The Sinking of the Hunley - Triumph and Tragedy By Tom Gallo. This visually stunning painting depicts the U.S.S. Housatonic under attack by the H.L. Hunley off the Charleston, SC coastline on February 17, 1864. Signed and dated "03" by the artist the colors are rich and vibrant. The frames measures 82 inches wide by 56 1/4 inches high, the painting image area measures 73 inches wide x 47 1/2 inches high.
The H. L. Hunley was a submarine of the Confederate States of America that played a small part in the American Civil War. The Hunley demonstrated the advantages and the dangers of undersea warfare. She was the first combat submarine to sink a warship, although the Hunley was not completely submerged and, following her successful attack, was lost along with her crew before she could return to base. The Confederacy lost 21 crewmen in three sinkings of the Hunley during her short career. She was named for her inventor, Horace Lawson Hunley, shortly after she was taken into government service under the control of the Confederate States Army at Charleston, South Carolina.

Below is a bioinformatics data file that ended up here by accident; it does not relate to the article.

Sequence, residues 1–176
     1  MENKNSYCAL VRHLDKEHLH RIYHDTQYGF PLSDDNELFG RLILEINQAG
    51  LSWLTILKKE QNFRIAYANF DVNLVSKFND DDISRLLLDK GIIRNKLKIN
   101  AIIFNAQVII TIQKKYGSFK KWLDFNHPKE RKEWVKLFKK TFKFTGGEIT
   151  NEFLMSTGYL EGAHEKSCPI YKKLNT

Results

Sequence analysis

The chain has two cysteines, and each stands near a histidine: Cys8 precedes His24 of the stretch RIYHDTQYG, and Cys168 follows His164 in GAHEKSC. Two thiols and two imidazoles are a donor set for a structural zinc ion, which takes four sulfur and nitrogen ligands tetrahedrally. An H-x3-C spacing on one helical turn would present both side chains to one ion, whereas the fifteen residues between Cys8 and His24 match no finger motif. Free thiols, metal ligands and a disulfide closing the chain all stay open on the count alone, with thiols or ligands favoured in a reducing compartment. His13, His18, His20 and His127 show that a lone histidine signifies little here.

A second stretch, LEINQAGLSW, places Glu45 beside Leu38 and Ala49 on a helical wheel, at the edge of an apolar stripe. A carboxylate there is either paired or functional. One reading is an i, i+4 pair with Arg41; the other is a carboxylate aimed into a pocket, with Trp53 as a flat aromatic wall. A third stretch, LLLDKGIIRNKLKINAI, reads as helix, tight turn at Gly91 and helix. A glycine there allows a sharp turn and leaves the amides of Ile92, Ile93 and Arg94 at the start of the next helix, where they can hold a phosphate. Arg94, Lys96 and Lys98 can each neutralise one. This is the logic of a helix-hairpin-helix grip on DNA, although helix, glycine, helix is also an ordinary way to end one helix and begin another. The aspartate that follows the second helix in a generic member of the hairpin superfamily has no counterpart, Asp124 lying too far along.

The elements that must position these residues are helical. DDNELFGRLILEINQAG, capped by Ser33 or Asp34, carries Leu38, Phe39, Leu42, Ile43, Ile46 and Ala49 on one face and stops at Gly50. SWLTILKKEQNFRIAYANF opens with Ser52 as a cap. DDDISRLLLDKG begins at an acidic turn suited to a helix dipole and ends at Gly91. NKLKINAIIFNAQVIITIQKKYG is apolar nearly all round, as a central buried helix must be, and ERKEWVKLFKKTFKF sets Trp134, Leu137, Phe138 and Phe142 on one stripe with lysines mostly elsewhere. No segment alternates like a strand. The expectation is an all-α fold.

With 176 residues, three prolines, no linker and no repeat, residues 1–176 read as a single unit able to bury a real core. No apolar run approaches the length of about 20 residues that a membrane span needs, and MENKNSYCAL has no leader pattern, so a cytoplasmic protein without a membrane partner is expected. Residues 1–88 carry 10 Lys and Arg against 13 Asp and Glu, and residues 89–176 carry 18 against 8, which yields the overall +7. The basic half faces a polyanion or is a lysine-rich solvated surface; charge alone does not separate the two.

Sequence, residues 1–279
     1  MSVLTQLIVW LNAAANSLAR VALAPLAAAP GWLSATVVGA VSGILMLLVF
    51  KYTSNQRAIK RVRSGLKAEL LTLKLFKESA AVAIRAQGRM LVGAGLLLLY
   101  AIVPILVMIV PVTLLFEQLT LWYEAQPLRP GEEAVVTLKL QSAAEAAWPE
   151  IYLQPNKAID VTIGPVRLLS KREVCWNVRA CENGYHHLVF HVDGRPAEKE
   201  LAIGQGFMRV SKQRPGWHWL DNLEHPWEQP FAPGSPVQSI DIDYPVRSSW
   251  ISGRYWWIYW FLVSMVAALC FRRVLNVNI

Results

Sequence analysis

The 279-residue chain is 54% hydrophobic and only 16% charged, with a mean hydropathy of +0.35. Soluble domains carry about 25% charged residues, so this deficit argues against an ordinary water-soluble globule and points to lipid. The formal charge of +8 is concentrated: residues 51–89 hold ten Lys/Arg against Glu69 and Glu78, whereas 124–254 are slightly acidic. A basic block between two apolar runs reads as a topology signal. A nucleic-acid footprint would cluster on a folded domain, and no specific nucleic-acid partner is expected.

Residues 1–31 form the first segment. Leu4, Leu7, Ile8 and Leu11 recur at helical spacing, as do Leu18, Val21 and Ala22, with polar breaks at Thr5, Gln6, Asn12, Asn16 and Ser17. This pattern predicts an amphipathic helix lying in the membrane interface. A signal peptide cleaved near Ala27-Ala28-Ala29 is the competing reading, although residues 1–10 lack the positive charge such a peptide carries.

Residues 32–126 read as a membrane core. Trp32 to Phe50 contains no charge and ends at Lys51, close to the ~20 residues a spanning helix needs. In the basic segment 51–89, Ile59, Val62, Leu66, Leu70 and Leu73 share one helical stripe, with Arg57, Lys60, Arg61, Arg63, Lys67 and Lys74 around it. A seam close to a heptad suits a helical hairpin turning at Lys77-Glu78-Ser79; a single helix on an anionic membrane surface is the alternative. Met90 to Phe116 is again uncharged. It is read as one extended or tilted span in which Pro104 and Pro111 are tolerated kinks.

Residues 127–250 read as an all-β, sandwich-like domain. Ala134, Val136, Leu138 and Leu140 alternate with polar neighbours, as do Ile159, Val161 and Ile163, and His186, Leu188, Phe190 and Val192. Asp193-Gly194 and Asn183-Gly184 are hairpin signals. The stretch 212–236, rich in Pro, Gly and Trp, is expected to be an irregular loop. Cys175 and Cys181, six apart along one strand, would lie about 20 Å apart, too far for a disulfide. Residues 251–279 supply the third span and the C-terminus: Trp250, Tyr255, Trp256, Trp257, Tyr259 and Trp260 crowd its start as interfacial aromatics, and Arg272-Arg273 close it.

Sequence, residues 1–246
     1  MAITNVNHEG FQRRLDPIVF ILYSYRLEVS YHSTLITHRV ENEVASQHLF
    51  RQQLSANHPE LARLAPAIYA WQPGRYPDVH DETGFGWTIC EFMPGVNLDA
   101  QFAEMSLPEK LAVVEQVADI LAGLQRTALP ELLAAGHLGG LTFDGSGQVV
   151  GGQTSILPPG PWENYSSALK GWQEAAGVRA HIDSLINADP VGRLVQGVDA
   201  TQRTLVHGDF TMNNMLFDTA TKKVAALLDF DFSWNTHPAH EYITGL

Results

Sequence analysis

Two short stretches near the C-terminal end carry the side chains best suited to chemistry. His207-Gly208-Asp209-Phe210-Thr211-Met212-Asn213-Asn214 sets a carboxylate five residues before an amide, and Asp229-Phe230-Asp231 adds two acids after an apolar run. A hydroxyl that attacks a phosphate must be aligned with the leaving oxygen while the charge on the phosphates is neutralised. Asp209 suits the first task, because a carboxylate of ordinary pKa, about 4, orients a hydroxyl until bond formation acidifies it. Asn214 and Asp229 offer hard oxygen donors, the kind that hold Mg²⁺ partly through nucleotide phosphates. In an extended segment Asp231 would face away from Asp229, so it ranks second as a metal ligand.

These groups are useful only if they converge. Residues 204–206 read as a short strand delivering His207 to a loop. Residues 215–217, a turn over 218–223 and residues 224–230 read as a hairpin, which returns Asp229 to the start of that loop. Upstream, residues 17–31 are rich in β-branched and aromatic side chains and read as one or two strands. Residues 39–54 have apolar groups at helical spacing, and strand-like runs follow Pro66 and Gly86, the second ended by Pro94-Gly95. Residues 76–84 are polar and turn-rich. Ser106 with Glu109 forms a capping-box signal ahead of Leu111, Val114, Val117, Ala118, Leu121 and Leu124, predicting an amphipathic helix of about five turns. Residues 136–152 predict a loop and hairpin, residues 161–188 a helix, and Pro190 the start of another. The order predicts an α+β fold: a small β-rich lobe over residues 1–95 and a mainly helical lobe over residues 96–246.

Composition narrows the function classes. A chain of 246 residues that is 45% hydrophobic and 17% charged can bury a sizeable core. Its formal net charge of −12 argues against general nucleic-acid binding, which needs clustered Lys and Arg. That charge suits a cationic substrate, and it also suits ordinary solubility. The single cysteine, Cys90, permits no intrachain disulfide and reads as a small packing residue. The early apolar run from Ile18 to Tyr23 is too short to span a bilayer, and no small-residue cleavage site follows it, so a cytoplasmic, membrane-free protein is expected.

The Hunley, nearly 40 feet (12 m) long, was built at Mobile, Alabama, and launched in July 1863. She was then shipped by rail on August 12, 1863, to Charleston, South Carolina. The Hunley (then called Fish Boat) sank on August 29, 1863, during a test run, killing five members of her crew. She sank again on October 15, 1863, killing all eight of her second crew, including Horace Hunley himself, who was aboard at the time, even though he was not a member of the Confederate military. Both times the Hunley was raised and returned to service.
On February 17, 1864, The Hunley attacked and sank the 1240-short ton (1124 metric tons) screw sloop USS Housatonic, which had been on Union blockade-duty in Charleston's outer harbor. Soon afterwards, the Hunley sank, killing all eight of her third crew. This time, the ship was lost.
Finally located in 1995, the Hunley was raised in 2000 and is on display in North Charleston, South Carolina, at the Warren Lasch Conservation Center on the Cooper River. Examination, in 2012, of recovered Hunley artifacts suggests that the submarine was as close as 20 feet to her target, the Housatonic, when her deployed torpedo exploded, which eventually caused the sub's own loss.
Inventory Number: PAI 019